Andy Brantley, incoming chief executive officer of the College and University Professional Association for Human Resources, called Emeriti “an interesting concept” because many colleges either can’t afford to pay for retiree health insurance or worry about the rising costs of such benefits. An approach like Emeriti “changes the dynamic” in that the college makes a contribution, but isn’t forced to pay unknown costs at some point down the road when insurance costs skyrocket, he said. As a result, he said, some colleges that do nothing on health benefits for retirees may find it viable to do something.

A spokeswoman for TIAA-CREF said that the issue of retiree health care costs was “one of a number we are looking at,” but that “we are more focused on the retirement savings side of the business.”
Scott Jaschik "Paying for Health Care in the Emeritus Years," Inside Higher Ed, May 25, 2005, http://snipurl.com/emerti525

 

Smell of Grapefruit Helps Women Look Younger
A new study shows that the fruity aroma from grapefruit may be able to shave years off a woman's appearance.
 

Eau de grapefruit, anyone? Don't snicker: A new study shows that the fruity aroma from grapefruit may be able to shave years off your appearance.

There's a lot of prejudice against older people in our society, says researcher Alan B. Hirsch, neurological director of the Smell & Taste Treatment and Research Foundation in Chicago. "A lot of it is related to how we look and how we talk. So we looked at the concept of smell.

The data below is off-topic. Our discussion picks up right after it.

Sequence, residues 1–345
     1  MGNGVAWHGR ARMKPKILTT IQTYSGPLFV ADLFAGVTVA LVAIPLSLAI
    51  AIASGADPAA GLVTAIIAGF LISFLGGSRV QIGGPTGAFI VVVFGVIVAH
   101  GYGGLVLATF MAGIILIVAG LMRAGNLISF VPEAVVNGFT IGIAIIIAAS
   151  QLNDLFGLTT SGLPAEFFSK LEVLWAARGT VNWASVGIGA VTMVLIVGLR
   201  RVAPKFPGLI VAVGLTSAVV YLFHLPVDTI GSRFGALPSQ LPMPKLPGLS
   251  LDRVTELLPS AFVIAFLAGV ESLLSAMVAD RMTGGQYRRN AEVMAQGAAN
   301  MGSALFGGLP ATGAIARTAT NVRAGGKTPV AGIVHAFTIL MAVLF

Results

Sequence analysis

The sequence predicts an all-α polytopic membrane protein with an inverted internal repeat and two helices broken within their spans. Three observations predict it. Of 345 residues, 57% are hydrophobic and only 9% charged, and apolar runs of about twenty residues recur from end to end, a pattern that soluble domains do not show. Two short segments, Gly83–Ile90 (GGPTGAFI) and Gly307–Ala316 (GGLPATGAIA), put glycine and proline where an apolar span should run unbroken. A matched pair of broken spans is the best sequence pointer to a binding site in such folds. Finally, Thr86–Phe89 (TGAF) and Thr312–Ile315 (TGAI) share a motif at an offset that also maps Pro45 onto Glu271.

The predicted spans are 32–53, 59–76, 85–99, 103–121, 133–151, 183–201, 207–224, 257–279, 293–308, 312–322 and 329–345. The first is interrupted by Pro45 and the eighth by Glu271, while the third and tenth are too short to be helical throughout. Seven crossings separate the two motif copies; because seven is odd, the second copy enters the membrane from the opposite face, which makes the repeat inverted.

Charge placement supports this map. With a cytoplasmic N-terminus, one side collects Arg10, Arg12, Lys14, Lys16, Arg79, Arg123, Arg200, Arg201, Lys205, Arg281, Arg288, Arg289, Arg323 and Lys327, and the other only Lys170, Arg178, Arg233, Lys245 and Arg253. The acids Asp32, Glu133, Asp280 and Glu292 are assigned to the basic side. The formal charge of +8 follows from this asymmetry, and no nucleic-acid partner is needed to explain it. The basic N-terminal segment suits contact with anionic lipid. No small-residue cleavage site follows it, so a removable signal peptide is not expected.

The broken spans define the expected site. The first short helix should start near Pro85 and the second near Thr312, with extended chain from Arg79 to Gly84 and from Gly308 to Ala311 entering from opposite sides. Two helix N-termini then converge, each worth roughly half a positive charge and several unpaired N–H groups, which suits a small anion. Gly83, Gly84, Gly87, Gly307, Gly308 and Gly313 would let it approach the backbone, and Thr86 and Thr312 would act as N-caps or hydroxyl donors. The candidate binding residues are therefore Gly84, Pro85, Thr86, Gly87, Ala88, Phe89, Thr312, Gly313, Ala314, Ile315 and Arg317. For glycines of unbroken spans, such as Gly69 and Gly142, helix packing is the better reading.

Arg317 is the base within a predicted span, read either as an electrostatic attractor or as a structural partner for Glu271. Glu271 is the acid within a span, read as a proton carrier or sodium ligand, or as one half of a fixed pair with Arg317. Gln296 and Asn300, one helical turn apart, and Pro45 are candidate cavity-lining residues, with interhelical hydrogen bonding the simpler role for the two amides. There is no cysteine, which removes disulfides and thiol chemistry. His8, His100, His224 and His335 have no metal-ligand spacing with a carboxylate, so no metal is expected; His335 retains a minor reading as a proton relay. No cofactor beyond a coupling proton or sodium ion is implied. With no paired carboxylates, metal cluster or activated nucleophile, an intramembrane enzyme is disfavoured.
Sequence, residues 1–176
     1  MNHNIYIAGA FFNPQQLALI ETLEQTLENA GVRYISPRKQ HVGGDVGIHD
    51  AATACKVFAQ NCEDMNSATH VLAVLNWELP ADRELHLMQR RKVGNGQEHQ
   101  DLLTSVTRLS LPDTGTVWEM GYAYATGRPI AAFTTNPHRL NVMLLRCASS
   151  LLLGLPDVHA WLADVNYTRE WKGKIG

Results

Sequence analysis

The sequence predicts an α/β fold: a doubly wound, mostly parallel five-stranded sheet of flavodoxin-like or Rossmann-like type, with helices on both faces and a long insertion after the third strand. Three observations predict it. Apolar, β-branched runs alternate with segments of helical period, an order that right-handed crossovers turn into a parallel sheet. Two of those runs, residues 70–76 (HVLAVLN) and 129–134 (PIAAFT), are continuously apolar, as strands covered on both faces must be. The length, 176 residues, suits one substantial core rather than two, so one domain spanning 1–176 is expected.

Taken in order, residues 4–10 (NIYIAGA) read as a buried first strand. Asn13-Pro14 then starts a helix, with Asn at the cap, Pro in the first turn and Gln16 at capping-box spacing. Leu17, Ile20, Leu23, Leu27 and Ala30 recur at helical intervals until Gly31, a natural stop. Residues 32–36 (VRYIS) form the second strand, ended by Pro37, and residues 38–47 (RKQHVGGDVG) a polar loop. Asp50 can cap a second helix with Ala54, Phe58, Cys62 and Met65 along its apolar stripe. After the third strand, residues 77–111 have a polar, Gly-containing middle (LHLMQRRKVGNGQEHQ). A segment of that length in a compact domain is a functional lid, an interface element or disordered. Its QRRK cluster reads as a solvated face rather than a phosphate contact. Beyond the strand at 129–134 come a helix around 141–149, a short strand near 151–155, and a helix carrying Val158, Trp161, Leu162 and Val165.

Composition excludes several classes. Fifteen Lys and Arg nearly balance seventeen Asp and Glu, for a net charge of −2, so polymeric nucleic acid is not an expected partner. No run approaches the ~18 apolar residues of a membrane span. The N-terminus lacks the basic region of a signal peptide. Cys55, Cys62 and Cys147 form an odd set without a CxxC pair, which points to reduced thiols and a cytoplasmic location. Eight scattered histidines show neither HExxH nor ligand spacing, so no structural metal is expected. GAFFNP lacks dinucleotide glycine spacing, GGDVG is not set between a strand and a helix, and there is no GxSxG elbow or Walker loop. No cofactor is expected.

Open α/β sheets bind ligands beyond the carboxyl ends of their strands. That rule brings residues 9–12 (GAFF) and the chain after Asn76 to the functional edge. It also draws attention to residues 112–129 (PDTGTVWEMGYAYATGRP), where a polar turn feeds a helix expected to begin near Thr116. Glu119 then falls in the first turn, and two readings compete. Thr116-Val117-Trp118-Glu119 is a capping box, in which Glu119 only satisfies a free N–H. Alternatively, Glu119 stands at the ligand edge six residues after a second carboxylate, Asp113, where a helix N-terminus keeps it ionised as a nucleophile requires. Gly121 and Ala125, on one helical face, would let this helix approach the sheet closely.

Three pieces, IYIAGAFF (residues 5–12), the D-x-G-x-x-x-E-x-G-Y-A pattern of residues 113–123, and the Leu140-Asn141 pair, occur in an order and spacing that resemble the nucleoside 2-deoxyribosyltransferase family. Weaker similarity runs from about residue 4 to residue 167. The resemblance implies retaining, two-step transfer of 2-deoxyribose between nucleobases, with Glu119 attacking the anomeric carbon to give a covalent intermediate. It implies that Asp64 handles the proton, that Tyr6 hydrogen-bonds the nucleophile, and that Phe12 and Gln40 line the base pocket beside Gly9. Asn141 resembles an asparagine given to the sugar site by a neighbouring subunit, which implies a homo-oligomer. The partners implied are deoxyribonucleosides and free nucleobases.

"In the presence of the smell of pink grapefruit, women appear to be six years younger than their real age," says Hirsch.

It sure beats Botox or cosmetic surgery, he tells WebMD.

Hirsch has made a career out of smelling things -- all sorts of things. A few years ago he found that banana, green apple, and peppermint aromas can help you lose weight.

"We've also done studies on odors and sexual arousal and found a positive effect," he says.

Reporting here Monday at the annual meeting of the American Psychiatric Association, Hirsch says he recently "came to the idea of aging."

Sadly, of the three aromas studied, only grapefruit did the trick: Grape and cucumber odor had no effect on age perception whatsoever, he says.

An Overpowering Sense of Smell

For the study, 37 men and women were asked to estimate the age of a series of models in photographs while wearing masks that were infused with the various aromas and then again while wearing a regular surgical mask.

Overall, the grapefruit aroma made the participants think the models were about three years younger than they really were, Hirsch says.